Strongyloidiasis Clinical Presentation

Updated: Feb 18, 2022
  • Author: Pranatharthi Haran Chandrasekar, MBBS, MD; Chief Editor: Michael Stuart Bronze, MD  more...
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History and Physical Examination

The clinical manifestations of Strongyloides infections vary, depending on the acuity of infection and the underlying host response. [36] The vast majority of patients with strongyloidiasis have uncomplicated disease. As many as 50% of patients remain asymptomatic and can survive decades undiagnosed.

Symptomatic infections typically manifest in gastrointestinal, pulmonary, and dermatologic systems. Patients who become symptomatic do so shortly after exposure, or they develop late symptoms. Severe symptoms may develop and death may ensue, especially in individuals who are immunocompromised.

Acute infection is generally characterized by gastrointestinal (GI) and pulmonary symptoms, whereas chronic infection is characterized by skin involvement.

Severe strongyloidiasis (hyperinfection, disseminated disease) may be insidious; occasionally, symptoms may have an abrupt onset. Fever is almost always present in disseminated disease. [37] Invasion of larvae into tissue potentially is massive. As a result, patients present with an exaggeration of the symptoms of established infection found in patients who are immunocompetent. In addition, as larvae penetrate the intestinal wall, they may allow enteric flora to escape, causing bacteremia, sepsis, meningitis, and endocarditis. Thus, a diagnosis of severe strongyloidiasis should be suspected with unusual GI or pulmonary symptoms or an unexplained Gram-negative bacilli sepsis.

Gastrointestinal manifestations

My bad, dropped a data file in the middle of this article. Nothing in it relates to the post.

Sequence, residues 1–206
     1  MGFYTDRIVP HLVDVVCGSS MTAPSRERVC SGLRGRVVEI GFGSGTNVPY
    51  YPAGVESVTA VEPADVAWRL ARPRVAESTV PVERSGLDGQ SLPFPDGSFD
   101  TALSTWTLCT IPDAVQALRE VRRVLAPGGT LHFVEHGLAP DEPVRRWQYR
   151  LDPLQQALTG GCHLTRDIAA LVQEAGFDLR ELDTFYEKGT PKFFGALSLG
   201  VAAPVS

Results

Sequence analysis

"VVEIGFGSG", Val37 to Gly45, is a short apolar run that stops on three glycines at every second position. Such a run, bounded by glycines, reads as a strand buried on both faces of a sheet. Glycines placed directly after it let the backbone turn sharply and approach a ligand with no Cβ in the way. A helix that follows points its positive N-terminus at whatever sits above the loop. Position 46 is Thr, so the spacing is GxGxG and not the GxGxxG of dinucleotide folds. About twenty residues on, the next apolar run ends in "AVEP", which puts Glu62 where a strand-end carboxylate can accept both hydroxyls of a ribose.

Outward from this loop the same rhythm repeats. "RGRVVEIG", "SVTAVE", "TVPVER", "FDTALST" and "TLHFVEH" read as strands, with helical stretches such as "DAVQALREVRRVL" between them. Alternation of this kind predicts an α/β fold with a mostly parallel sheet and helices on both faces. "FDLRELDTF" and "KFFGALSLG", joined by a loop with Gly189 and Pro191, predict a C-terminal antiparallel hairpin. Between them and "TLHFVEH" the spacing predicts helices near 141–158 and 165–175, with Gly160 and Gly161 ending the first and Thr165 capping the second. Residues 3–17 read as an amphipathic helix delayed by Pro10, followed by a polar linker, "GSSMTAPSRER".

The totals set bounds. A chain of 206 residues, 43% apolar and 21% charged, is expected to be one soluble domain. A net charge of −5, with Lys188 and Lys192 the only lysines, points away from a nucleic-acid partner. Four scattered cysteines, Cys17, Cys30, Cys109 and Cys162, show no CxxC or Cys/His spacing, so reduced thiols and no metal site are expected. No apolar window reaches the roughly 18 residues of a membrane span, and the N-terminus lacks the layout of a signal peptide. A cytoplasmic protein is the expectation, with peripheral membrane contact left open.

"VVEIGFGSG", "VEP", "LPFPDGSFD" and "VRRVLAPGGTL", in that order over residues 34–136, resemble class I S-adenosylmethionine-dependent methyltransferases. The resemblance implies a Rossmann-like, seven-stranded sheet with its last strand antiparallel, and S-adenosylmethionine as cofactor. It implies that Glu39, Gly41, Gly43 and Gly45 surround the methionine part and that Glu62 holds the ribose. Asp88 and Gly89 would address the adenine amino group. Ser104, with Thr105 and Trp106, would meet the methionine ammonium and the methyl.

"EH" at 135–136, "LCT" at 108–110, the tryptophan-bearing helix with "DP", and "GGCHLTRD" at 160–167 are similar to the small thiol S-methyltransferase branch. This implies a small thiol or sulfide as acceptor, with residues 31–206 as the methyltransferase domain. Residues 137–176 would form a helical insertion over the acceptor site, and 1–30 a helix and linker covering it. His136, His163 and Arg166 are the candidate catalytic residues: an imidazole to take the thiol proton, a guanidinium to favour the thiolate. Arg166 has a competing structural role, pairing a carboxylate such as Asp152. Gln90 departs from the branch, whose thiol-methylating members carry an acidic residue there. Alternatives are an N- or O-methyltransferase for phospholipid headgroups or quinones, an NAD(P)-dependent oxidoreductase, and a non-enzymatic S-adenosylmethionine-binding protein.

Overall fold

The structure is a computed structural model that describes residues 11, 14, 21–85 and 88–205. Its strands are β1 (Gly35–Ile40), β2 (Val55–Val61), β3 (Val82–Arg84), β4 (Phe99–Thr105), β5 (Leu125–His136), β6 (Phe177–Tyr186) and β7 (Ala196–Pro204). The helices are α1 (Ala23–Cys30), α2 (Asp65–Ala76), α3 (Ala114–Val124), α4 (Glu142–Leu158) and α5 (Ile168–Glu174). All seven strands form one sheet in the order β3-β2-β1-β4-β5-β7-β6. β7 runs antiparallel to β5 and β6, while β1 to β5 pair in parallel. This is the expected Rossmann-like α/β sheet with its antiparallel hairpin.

Gastrointestinal symptoms are vague, including epigastric abdominal cramping, indigestion, anorexia, weight loss, nausea, vomiting, chronic diarrhea, constipation, pruritus ani, bloating and, rarely, small bowel obstruction. In classic cases, diarrhea is profuse, watery, and mucoid. Periods of alternation between diarrhea and constipation may occur. Malabsorption of fat and vitamin B-12 has been reported in chronic infections and has been successfully treated by deworming.

Prolonged malabsorption of both fat and protein can lead to a celiac-like syndrome, characterized by steatorrhea, hypoalbuminemia, and peripheral edema, such as a syndrome of infantile infection caused by S fulleborni described in western Papua New Guinea. These children have diarrhea that becomes protracted in the first months of life, respiratory distress, failure to thrive, protein-losing enteropathy, and a kwashiorkor-like appearance (with ascites and pleural effusions) due to hypoalbuminemia ("swollen baby" sickness). Strongyloides is an important cause of failure to thrive and cachexia in immunocompetent children.

In severe hyperinfection syndrome or disseminated disease, abdominal symptoms are similar to those of chronic infection, but they are more severe. Gut flora invade host tissues either through penetration of infective larvae from bowel lumen or through damaged intestinal epithelium. Escherichia coli and Klebsiella species are the most common organisms involved. Bloody stools and/or bloody diarrhea may occur along with severe abdominal pains. Massive GI tract bleeding also has been reported. [38]

Pulmonary manifestations

Symptomatic pulmonary strongyloidiasis that results from migrating larvae is observed in 10% of patients. Initial infection may trigger wheezing [39] and mild cough.

Migration of the larvae through the lungs produces a pneumonitis that resembles Loeffler syndrome. Symptoms include a productive cough, at times with blood-streaked sputum, dyspnea, and fever. Strongyloidiasis can also produce a clinical syndrome that mimics either asthma or pneumonia.

In severe (disseminated) disease, pneumonitis may cause hemoptysis and difficulty in breathing. In addition, cough, hemoptysis, dyspnea, wheezing, pleuric pain, tachypnea can occur, and acute respiratory distress syndrome (ARDS) may require mechanical ventilation.

Dermatologic manifestations